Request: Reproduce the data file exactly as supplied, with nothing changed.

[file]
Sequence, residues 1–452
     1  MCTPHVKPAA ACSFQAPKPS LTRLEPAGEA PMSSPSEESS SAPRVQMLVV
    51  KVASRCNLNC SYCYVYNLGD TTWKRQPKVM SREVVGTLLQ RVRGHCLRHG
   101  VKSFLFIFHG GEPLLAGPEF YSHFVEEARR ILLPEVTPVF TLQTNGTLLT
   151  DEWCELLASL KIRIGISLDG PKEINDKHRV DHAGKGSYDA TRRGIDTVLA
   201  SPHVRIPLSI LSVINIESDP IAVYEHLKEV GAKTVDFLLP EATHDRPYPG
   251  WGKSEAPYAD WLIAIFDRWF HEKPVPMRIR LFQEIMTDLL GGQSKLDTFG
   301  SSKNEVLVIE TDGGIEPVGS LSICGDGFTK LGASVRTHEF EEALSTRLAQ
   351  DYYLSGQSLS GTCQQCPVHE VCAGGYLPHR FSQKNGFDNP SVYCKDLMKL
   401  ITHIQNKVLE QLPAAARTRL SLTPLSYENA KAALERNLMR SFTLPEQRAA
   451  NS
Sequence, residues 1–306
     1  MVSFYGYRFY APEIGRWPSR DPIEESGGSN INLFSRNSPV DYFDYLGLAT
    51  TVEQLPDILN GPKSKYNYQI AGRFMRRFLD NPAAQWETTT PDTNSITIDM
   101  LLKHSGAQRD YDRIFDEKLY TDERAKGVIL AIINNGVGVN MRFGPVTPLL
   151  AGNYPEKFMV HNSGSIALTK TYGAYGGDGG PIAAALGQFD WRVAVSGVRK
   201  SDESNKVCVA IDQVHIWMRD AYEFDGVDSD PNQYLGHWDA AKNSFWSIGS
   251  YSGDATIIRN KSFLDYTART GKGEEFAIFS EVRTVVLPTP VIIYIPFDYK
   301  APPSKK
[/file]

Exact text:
Sequence, residues 1–452
     1  MCTPHVKPAA ACSFQAPKPS LTRLEPAGEA PMSSPSEESS SAPRVQMLVV
    51  KVASRCNLNC SYCYVYNLGD TTWKRQPKVM SREVVGTLLQ RVRGHCLRHG
   101  VKSFLFIFHG GEPLLAGPEF YSHFVEEARR ILLPEVTPVF TLQTNGTLLT
   151  DEWCELLASL KIRIGISLDG PKEINDKHRV DHAGKGSYDA TRRGIDTVLA
   201  SPHVRIPLSI LSVINIESDP IAVYEHLKEV GAKTVDFLLP EATHDRPYPG
   251  WGKSEAPYAD WLIAIFDRWF HEKPVPMRIR LFQEIMTDLL GGQSKLDTFG
   301  SSKNEVLVIE TDGGIEPVGS LSICGDGFTK LGASVRTHEF EEALSTRLAQ
   351  DYYLSGQSLS GTCQQCPVHE VCAGGYLPHR FSQKNGFDNP SVYCKDLMKL
   401  ITHIQNKVLE QLPAAARTRL SLTPLSYENA KAALERNLMR SFTLPEQRAA
   451  NS
Sequence, residues 1–306
     1  MVSFYGYRFY APEIGRWPSR DPIEESGGSN INLFSRNSPV DYFDYLGLAT
    51  TVEQLPDILN GPKSKYNYQI AGRFMRRFLD NPAAQWETTT PDTNSITIDM
   101  LLKHSGAQRD YDRIFDEKLY TDERAKGVIL AIINNGVGVN MRFGPVTPLL
   151  AGNYPEKFMV HNSGSIALTK TYGAYGGDGG PIAAALGQFD WRVAVSGVRK
   201  SDESNKVCVA IDQVHIWMRD AYEFDGVDSD PNQYLGHWDA AKNSFWSIGS
   251  YSGDATIIRN KSFLDYTART GKGEEFAIFS EVRTVVLPTP VIIYIPFDYK
   301  APPSKK